Thabiti Anyabwile explains how, upon not getting “his way” in an elder vote, “a member questioned me about something they found problematic with the church […] They knew my preferences and would not accept “the elders have decided” as an answer. They wanted to know why I hadn’t pushed a certain change–a good change.”
It was good for me to “lose” the vote to my fellow elders. In fact, it wasn’t a loss at all but a victory over my own ever-present pride, a victory for the leadership of my fellow elders, a victory over Satan’s use of good things to tempt us into evil things, and a victory for the entire church in protection against a future tyrant who will not listen to or submit to anything or anyone but his own desires. That’s what bothered me. This sheep hadn’t seen these victories–nor had I seen them until Tuesday morning– and was unintentionally tempting me to the destruction of the leadership and potentially the church. All with an appeal to something good that I desired.
I wish I had had the presence of mind to look the member in the eye and kindly say something like, “You do realize you’re asking me to disobey the elders, don’t you?” I would hope a well-placed question like that would signal that I, too, am accountable to the elders as a whole. I would hope a question like that would signal to the member that they should not contemplate rebelling against spiritual leadership. Rather, we should submit our desires–especially our good desires–to the leading of the Lord through the leadership of the elders as a whole. Submission isn’t submission until we’re denying ourselves something we want, giving up one good alternative in favor of another good option we wouldn’t choose for ourselves.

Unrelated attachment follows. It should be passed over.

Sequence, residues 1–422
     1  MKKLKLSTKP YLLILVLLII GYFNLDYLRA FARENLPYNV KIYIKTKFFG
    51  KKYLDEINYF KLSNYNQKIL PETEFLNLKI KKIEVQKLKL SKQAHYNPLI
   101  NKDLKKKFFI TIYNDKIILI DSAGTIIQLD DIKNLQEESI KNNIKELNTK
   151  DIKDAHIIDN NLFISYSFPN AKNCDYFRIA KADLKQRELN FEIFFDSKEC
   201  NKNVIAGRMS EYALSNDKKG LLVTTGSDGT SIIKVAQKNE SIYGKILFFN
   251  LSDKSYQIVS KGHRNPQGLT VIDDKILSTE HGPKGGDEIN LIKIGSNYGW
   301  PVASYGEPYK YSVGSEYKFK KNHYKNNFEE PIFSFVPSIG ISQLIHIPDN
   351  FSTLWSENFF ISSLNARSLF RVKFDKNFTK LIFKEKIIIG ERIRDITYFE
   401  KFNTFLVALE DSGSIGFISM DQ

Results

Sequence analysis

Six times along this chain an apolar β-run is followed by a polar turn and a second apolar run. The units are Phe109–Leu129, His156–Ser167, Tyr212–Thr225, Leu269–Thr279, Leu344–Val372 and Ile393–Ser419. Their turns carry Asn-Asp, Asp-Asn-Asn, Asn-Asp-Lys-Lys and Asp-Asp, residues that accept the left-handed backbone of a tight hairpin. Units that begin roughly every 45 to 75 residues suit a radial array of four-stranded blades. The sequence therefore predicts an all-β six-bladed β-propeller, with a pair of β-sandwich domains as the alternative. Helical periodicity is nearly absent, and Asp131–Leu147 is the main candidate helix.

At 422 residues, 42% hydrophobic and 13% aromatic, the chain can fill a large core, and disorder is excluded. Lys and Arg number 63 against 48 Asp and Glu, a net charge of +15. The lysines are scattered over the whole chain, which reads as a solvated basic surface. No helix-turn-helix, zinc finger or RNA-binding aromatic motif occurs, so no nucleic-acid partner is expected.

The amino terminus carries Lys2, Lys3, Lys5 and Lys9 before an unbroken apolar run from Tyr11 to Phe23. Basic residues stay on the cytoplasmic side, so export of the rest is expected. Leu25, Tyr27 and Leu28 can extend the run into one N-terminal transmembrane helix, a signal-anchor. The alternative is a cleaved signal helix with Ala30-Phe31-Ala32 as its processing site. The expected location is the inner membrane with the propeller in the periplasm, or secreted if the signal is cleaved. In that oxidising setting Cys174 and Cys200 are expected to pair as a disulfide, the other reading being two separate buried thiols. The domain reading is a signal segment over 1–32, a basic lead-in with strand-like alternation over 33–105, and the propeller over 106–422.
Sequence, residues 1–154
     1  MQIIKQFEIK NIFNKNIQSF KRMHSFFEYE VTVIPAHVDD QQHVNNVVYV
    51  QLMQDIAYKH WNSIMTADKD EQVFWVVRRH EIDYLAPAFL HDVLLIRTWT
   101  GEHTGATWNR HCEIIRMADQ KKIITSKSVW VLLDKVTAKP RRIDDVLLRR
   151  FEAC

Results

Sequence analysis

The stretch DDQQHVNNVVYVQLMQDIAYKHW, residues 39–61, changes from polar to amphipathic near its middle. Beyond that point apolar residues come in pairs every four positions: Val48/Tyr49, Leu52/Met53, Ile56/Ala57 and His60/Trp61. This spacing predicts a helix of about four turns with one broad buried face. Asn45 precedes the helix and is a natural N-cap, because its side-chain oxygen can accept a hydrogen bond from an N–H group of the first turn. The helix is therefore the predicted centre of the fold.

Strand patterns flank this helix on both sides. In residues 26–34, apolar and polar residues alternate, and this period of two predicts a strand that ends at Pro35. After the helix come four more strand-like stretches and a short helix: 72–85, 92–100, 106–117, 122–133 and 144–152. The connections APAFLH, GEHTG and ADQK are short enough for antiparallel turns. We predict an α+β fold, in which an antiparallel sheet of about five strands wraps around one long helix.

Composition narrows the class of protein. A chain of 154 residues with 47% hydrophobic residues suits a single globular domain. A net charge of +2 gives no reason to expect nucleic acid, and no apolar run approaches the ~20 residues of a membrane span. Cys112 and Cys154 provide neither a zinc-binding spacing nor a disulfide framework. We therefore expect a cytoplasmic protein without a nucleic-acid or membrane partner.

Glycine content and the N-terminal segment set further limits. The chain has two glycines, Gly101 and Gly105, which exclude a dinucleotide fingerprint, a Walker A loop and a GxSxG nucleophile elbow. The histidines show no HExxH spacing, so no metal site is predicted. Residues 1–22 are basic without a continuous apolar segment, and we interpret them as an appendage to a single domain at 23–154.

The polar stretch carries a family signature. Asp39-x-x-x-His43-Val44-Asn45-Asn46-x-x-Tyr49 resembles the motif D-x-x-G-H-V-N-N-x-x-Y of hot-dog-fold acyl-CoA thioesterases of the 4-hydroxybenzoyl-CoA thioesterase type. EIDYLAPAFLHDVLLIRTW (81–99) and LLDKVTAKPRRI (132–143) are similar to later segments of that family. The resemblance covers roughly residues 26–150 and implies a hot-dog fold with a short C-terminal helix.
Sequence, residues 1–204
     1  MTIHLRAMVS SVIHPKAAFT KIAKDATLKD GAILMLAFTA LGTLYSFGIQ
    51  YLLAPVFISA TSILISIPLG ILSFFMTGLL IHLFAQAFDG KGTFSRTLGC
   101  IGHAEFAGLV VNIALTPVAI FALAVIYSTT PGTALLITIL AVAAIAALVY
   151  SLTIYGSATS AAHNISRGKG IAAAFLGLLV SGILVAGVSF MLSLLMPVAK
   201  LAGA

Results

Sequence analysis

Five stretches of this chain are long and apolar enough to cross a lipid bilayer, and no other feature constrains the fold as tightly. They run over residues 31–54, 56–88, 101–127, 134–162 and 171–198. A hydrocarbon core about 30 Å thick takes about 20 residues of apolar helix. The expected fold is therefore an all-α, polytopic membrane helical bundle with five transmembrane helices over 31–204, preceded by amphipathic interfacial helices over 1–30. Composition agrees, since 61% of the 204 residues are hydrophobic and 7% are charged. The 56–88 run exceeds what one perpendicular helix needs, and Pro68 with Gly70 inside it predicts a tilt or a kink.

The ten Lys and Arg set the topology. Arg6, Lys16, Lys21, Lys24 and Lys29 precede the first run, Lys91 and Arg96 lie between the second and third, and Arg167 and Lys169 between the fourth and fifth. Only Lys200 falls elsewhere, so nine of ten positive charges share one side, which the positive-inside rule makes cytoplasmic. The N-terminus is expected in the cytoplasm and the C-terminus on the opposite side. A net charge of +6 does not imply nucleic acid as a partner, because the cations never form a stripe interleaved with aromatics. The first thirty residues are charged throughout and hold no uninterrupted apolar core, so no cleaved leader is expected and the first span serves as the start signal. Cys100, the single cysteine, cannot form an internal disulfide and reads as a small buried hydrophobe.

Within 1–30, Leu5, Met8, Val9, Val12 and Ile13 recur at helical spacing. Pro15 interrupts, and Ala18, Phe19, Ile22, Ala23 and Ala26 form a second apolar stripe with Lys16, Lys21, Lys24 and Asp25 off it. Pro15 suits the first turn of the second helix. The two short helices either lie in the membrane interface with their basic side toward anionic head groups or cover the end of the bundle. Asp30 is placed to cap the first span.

Ninety-nine percent of after church conversations are filled with laughter, loving concern and encouraging conversation. It’s the one percent that tests our Christian character and our leadership skill. We’re not only shepherding the sheep in those moments; we should also be tending our own hearts.